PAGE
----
Slide title: Gross Expenditures on R&D as Share of Gross Domestic Product, for Selected Countries: 1981-2007

Slide image: Two line graphs. The graph on the left shows the total percent of R&D/GDP of selected countries between 1981 and 2007. The graph on the right shows the nondefense percent of R&D/GDP of selected countries between 1981 and 2007. The percentages for the years 1981, 1995 and 2007 are listed below:

United States: 
Total R&D/GDP: 1981 - 2.34 %; 1995 – 2.51%; 2007 – 2.68%
Nondefense R&D/GDP: 1981 – 1.74%; 1995 – 2.04%; 2007 – 2.26%

Total R&D/GDP: 1981 – 2.14%; 1995 – 2.71%; 2007 – 3.44% 
Nondefense R&D/GDP: 1981 – 2.13%; 1995 – 2.89%; 2007 – 3.40%

Total R&D/GDP: 1981 – NA; 1995 – 0.57%; 2007 - 1.49% 
Nondefense R&D/GDP: 1981 – NA; 1995 – NA; 2007 - NA

Total R&D/GDP: 1981 – 2.35%; 1995 – 2.19%; 2007 – 2.54% 
Nondefense R&D/GDP: 1981 – 2.30 %; 1995 – 2.12%; 2007 - NA

Total R&D/GDP: 1981 – 1.90%; 1995 – 2.29%; 2007 – 2.08% 
Nondefense R&D/GDP: 1.53%; 1995 – 1.98%; 2007 - NA

South Korea 
Total R&D/GDP: 1981 – NA; 1995 – 2.37%; 2007 – 3.47% 
Nondefense R&D/GDP: 1981 – NA; 1995 – 2.26%; 2007 - NA

United Kingdom 
Total R&D/GDP: 1981 – 2.38%; 1995 – 1.94%; 2007 – 1.79% 
Nondefense R&D/GDP: 1981 – 1.90%; 1995 – 1.64%; 2007 - NA

Total R&D/GDP: 1981 – NA; 1995 – 0.85%; 2007 – 1.12% 
Nondefense R&D/GDP: 1981 – NA; 1995 – 0.60%; 2007 - NA

Total R&D/GDP: 1981 – 1.22%; 1995 – 1.70%; 2007 – 1.88% 
Nondefense R&D/GDP: 1981 – 1.18; 1995 – 1.70%; 2007 - NA

Total R&D/GDP: 1981 – 0.86; 1995 – 0.97%; 2007 - NA 
Nondefense R&D/GDP: 1981 – 0.80; 1995 – 0.97%; 2007 - NA

Image source: Science and Engineering Indicators 2010

The next slide shows gross R&D expenditures over a recent 26-year period for selected countries. There is only one take-home message from this slide: It is simply that the U.S. is not at the top in terms of nondefense R&D, relative to its GDP: Germany, Japan, and South Korea all passed us in 2000. There are other countries -- Scandinavian countries -- that are in that league as well.

These and other data support the President's assertion early last month that we cannot afford to "stop making investments" in research, education and innovation. Such investments of the half-century following the "Sputnik awakening" secured our leadership position. But I want to ask this august Council to think about how NSF can help keep the United States in play internationally.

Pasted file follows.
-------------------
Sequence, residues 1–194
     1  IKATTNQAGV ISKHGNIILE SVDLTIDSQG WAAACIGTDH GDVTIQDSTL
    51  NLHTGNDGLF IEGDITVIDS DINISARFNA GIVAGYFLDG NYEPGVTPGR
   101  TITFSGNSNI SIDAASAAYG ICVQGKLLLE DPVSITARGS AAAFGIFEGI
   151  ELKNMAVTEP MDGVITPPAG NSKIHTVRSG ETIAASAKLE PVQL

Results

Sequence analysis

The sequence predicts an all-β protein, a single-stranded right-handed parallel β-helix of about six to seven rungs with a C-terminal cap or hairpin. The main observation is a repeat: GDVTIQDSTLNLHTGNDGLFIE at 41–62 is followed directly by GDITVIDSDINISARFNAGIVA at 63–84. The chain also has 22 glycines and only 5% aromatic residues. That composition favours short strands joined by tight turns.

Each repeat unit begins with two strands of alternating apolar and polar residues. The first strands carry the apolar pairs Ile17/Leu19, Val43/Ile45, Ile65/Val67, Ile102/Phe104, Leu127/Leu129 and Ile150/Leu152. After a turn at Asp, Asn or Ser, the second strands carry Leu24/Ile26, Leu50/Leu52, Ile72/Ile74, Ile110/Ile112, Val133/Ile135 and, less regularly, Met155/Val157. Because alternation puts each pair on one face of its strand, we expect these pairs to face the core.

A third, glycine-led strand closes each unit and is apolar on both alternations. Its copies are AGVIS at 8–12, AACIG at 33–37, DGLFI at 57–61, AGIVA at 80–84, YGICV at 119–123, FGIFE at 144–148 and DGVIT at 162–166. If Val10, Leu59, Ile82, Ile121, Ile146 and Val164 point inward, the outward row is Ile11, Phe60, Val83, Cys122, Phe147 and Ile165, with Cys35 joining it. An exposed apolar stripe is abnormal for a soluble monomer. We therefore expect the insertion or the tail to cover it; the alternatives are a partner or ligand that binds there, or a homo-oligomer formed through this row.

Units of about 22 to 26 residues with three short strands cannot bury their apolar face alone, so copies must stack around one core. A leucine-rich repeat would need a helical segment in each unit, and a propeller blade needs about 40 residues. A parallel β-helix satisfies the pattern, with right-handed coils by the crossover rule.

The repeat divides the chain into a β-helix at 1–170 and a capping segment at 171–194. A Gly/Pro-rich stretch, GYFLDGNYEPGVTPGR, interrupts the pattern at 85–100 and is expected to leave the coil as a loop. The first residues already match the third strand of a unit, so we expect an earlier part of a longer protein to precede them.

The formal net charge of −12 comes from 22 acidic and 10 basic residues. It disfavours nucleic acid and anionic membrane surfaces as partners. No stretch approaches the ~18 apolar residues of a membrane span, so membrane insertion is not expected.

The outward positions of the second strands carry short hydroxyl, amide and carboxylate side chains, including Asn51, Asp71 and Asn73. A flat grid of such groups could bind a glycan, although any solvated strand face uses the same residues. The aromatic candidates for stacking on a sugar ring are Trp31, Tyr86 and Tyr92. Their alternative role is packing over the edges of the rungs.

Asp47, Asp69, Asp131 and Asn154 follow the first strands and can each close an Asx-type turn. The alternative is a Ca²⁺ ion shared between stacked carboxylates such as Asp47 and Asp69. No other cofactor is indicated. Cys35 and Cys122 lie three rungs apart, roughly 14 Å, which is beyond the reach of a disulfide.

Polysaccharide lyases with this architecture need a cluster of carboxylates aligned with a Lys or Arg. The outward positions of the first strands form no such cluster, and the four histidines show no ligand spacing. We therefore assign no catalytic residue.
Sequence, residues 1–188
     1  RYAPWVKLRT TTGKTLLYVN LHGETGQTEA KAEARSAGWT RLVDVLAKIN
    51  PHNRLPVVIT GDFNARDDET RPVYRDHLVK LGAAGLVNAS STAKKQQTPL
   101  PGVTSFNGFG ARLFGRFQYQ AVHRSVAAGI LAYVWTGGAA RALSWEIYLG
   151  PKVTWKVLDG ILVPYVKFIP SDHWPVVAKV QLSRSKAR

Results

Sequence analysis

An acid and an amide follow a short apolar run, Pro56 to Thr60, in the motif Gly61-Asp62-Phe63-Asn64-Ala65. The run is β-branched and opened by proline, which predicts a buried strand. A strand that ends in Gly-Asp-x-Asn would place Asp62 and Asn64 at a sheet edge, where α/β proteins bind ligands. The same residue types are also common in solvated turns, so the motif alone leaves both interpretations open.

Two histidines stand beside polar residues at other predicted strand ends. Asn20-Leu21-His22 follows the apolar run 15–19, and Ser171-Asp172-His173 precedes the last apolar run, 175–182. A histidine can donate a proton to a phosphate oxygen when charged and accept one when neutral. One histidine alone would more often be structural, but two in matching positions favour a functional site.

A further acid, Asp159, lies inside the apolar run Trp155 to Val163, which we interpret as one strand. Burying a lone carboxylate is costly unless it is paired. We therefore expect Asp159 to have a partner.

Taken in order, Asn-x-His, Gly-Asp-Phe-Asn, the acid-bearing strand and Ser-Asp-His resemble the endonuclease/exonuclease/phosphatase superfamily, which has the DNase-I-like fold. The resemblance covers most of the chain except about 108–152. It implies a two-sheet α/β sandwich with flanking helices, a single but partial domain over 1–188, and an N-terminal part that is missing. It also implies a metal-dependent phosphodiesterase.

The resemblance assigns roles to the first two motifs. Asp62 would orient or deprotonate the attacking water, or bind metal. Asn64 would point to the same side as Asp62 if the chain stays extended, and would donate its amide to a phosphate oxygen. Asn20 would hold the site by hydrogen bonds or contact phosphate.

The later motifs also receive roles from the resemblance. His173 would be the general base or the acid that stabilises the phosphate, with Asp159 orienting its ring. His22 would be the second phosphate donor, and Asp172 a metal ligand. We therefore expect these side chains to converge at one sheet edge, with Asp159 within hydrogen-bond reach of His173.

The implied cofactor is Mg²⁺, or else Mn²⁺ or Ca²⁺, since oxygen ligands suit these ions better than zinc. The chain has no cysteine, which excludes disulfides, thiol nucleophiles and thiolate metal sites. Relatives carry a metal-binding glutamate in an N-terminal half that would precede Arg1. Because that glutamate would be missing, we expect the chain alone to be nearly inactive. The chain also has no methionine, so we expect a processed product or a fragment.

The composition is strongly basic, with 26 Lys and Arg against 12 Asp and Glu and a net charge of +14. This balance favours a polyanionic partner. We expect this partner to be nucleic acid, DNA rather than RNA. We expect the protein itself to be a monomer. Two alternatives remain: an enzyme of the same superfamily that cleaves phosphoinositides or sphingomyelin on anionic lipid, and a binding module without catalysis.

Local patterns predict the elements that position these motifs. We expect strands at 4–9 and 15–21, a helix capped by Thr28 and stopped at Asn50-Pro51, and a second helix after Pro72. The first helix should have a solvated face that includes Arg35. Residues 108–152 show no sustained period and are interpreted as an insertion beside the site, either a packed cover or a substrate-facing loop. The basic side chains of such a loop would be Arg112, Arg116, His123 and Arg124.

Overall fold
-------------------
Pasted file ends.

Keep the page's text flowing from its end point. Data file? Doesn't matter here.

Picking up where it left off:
For example, how might we create strategic international regional alliances (versus individual country-specific alliances that would, and already, strain our "bandwidth") to further scientific discovery? A second related question that we are looking at is: What mechanisms do we put in place to better disseminate NSF's world-renowned merit review system? Others seek to adapt and implement the NSF model internationally, and it clearly is in our interest, if not our obligation, to help foster a high-quality international standard. Ensuring that an acceptable level of scientific rigor in our merit-review processes is adopted uniformly by our international collaborators is vital to the success of our collaborations and to the advance of science globally. This is an area that we are focusing on for the near term. Again, I would like to seek your input on how NSF could do this very successfully.

Policymakers have received several wake-up calls regarding some of the topics I am raising, including those in the 2005 Academies' Rising Above the Gathering Storm. Because we hit the snooze button, we deserved the "Rapidly Approaching Category 5" sequel.

One of the most critical steps is to revitalize our nation's STEM pipeline. Again, we are looking into what NSF specifically can do in the short term. The misalignments of gender and ethnic/racial demographics in the pipeline relative to the population at large define our future prospects for scientific and economic vitality and leadership as well as national security.

Our future STEM workforce will affect the quality of work that NSF will be able to fund. This will determine NSF's ability to restore and sustain American leadership in science.

The up-and-coming global contenders in STEM-based innovation will be talented, well-trained and tenacious. So let me walk you through some data that point to what the situation is and what NSF can potentially do.

U.S. universities produced nearly 50,000 (or, exactly 49,562, to be precise) research doctorates in 2009, the highest number ever reported by NSF's Survey of Earned Doctorates.

S&E doctorates were up 1.9 percent over 2008, owing entirely to growth in numbers of female recipients. Doctorates were up from 2008 in seven of eight major fields of science. And S&E graduate enrollment continued to rise, from 1999, reaching a new peak of almost 600,000 in the fall of 2006. But, at every juncture in this pipeline, many are deflected and take other paths.